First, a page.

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Nicolas Winding Refn’s latest film is an arch critique of the fashion industry – a target that you might well describe as low-hanging fruit – as well as being a brooding post-modern fairy tale that eventually descends into bad-trip-blood-curdling horror. It’s also a significant improvement on the messy pomposity of his previous film Only God Forgives, a work that looked great but struggled with its own sense of self-importance for an hour before eventually disappearing up its own backside. By contrast The Neon Demon is even more stylish, and it also has an even, consistently-unsettling tone, which to my mind is preferable to throwing together sporadic moments of extreme violence and hoping for the best (though as you’d probably expect from Refn there are some of those here too). Just as pleasingly it contains a number of fairly interesting characters, such as Elle Fanning’s naive young model Jesse, newly-arrived in Los Angeles a month after turning sixteen and seemingly destined to be corrupted by the fashion industry, if she can negotiate a few weeks in a seedy, barely-secure motel first. She is our heroine, and she even has a knight in shining armour willing to do her bidding, though this isn’t exactly the kind of world or the kind of film in which such people turn up in the nick of time to save the day. Then there’s Ruby (Jena Malone), a make-up artist who beautifies both live models and dead bodies in her two jobs, and whose magnanimous friendship with the newcomer never once seems genuine. And also Ruby’s two model friends Gigi and Sarah (Bella Heathcote and Abbey Lee respectively), a pair of otherworldly superbitches who have no interest in hiding their jealousy and contempt for the younger, naturally-prettier Jesse, before later descending into all kinds of terrible, eye-popping behaviour.

The screenplay by Refn, Mary Laws and Polly Stenham unsympathetically (and somewhat predictably) portrays the fashion industry as being chock full of rude, self-serving, vapid arseholes, and Jesse comes across quite a few of them. Not just the female models – who are the easiest and most common targets for such attacks – but also a male designer and an uber-serious and in-demand male photographer, whose inflated opinion of his own artistry – coupled with a pair of wandering hands – marks him out as being among the more detestable characters here. That said there’s little distinction in this story between the seediness and unpleasantness of the fashion industry and LA more generally, in the sense that there are non-fashion industry characters who pose just as much of a threat to Jesse. Special mention here must go to Keanu Reeves, who is pretty good in a supporting role as a sleazy motel manager; this slimeball could just as easily be a character from Refn’s earlier film Drive.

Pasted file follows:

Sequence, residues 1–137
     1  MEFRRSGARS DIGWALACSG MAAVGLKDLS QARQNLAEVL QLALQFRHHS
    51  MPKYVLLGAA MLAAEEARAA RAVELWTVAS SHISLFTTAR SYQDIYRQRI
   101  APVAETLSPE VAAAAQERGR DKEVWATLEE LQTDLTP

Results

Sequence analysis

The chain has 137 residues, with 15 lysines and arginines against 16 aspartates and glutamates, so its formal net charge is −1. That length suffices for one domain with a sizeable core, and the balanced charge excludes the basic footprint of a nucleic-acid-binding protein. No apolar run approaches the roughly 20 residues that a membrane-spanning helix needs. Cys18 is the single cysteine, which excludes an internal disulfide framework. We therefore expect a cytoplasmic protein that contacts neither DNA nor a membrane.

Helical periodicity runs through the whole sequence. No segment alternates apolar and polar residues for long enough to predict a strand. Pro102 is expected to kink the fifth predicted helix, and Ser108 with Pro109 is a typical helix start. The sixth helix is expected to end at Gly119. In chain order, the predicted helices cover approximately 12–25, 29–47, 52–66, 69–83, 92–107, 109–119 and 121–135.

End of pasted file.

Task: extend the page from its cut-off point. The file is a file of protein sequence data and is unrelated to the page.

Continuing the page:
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Jena Malone in The Neon Demon.

As I said above it’s very stylish. Per Winding Refn’s other recent movies there’s a glossy, slick, ultrabright look to The Neon Demon, and it’s wholly in keeping with the high fashion milieu, while also simultaneously allowing the director to pay homage to the lurid Italian giallo he dearly loves. This film is filled with striking, minimal images, most of which tend to isolate the main character. Sometimes these belong to psychedelic dream sequences, such as a bizarre pitch-black catwalk scene in which a throbbing, glowing symbol serves as the demonic presence of the title; under its glow Jesse is transformed from innocent ingenue to corrupted soul, and several shots here reminded me of Ben Wheatley’s A Field In England and Jonathan Glazer’s Under The Skin, two similarly post-modern horror films. Elsewhere there are larger-than-average sets that depict huge, swanky nightclubs, airy model agency offices, grand Hollywood mansions and expansive, minimally-decorated audition rooms and photography studios. It’s all very ‘wow’, with neon strip lighting, strobe effects and mirrors in abundance, but there’s definitely an emptiness and lack of character or warmth to most of these spaces, perhaps best shown up by the long shots occasionally employed by Director of Photography Natasha Braier; Jesse constantly looks lost and out of place amid her surroundings, even after she gets a foothold in the industry and her self-confidence grows. And yes: gradually, what with this being a Nicolas Winding Refn film and all, these pristine sets become stained with blood, first through minor cuts, then through grisly acts of violence, and finally through an exagerrated scene of menstruation. Blood seeps through this movie as a trickle and then a flood.

I have to admit I wasn’t actually expecting to like The Neon Demon, despite all the positive reviews I’ve seen and heard, but I did and I’ve been thinking about it on and off for a week or so now, especially with regard to some of the more striking images. Fanning offers further confirmation that she’s a developing talent worth watching; she was also pretty good in Sofia Coppola’s Somewhere, and proves adept at acting with her mouth here: just watch how many times she allows a little curl of the lip or the slight hint of a self-satisfied smile to foreshadow her character’s later transformation/corruption. Malone, meanwhile, is a menacing presence: her threatening nature seems to be exaggerated as her motives are partly hidden from the audience; Reeves’s motel manager, by contrast, is scary but he is at least completely transparent.